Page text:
Pa. Voters Have a Really Hard Time Saying ‘No' to Ballot Questions

Ballot questions have a very high success rate in elections dating back to 1967. Voters, in fact, have approved the last 22, including four that were on the ballot Tuesday. Experts have some reasons why it's so hard to vote no.

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It's been decades since Pennsylvania voters rejected a ballot question, and they continued their propensity for pressing "yes" with four more approvals handed out on Tuesday.

The four ballot questions passed despite a rare attempt by a sitting governor and his administration to campaign publicly against two of them. Ballot questions #1 and #2 on Tuesday asked if the legislature could have more sway over emergency declarations in times of crisis.

Gov. Tom Wolf's push against the questions did nothing to stop the will of the people, which in the case of Pennsylvanians translates -- almost always -- to "YES."

It's now been 26 years since voters shot down a ballot question, with 22 approved in that same span of time.

And if you go back through all the elections since 1967, Pennsylvania voters have approved 68 of 73 ballot questions, or 94% of the time, according to Ballotpedia's archive.

"Often times, these things are not controversial," says Chris Borick, director of the Muhlenberg College Institute of Public Opinion. "Two of those measures (on the ballot Tuesday other than the emergency powers) were completely innocuous. It’s hard to vote against them. Most voters don’t."

But just five rejections since 1967? Borick and other experts say there are subliminal and subconscious effects at work. Here are the two big factors that most voters don't realize.

State Lawmakers Know the Right Questions to Ask, and When to Ask Them

The General Assembly is made up of hundreds of politicians who know their districts very well, and that aids them in choosing what ballot questions to ask, Gannon University professor of history Jeffrey Bloodworth says.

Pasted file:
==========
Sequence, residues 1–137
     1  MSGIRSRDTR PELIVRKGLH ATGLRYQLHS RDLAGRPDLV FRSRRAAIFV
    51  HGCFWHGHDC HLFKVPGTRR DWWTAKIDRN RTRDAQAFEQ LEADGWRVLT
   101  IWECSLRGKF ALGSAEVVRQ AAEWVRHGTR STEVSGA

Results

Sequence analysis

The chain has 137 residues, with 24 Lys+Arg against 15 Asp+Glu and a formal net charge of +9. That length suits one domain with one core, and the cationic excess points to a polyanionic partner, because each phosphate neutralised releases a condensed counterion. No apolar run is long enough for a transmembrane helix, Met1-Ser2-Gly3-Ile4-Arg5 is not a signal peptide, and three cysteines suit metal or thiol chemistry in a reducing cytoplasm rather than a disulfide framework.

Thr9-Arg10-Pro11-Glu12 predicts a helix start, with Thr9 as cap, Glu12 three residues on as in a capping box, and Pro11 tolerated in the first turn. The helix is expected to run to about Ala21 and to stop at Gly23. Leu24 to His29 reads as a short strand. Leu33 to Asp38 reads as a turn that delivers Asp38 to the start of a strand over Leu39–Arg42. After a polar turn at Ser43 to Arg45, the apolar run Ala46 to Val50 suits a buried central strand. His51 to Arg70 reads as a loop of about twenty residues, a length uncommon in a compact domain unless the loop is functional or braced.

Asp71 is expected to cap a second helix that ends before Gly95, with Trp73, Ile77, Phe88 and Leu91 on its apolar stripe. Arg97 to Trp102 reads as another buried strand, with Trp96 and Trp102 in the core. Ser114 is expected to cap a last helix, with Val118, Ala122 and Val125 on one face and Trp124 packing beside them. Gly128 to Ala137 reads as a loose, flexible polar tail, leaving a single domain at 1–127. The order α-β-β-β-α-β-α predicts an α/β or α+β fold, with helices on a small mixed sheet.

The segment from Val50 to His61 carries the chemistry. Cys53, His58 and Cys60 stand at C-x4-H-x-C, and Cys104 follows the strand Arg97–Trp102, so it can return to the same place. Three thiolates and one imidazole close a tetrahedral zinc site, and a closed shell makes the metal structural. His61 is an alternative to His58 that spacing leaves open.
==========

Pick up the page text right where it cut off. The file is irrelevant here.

"This is not a coincidence," Bloodworth told NBC10. "It has to be the people putting them on the ballot have to be very intentional in the issues they’re choosing. They have the finger on the pulse of Pennsylvania voters."

But he added, "It’s still uncanny."

Lawmakers also likely use timing to their advantage, whether using a low-turnout primary or an election right after a particular issue has resonated with Pennsylvanians. (See: Covid-19 pandemic and Gov. Tom Wolf's year-plus use of emergency powers.)

The legislature is the only means by which questions can be put on a ballot in Pennsylvania, unlike other states where citizens can gather enough support for a referendum and have it put to voters.

"You’ve got the legislature selecting the right questions for the right audience, choosing which election these take place in," says Berwood Yost, director of the Center for Opinion Research at Franklin and Marshall College.

But there is probably another big factor at play, Yost says.

People Say 'Yes' if They're Not Entirely Sure How to Answer

Yost and Borick, who both regularly conduct public polls of Pennsylvanians, have to confront a "yea-saying bias" when they write their survey questions.

"When we write our surveys out, we have to be aware of that," Borick said. "There is absolutely a psychology to it. If people aren't sure of an answer, they often go, 'yea, sure.'"

Ballot questions, he said, usually fall into a category of elections that are described as a "low information." That can lead some voters to a "yea, sure" default response at the polling place.

It's anyone guess when the streak will end, but Borick said there is one way to help tip the scales.

"Use the word 'tax' in a question, and it'll have a much harder time," he said. "If you want to break the streak, put 'tax' in there."

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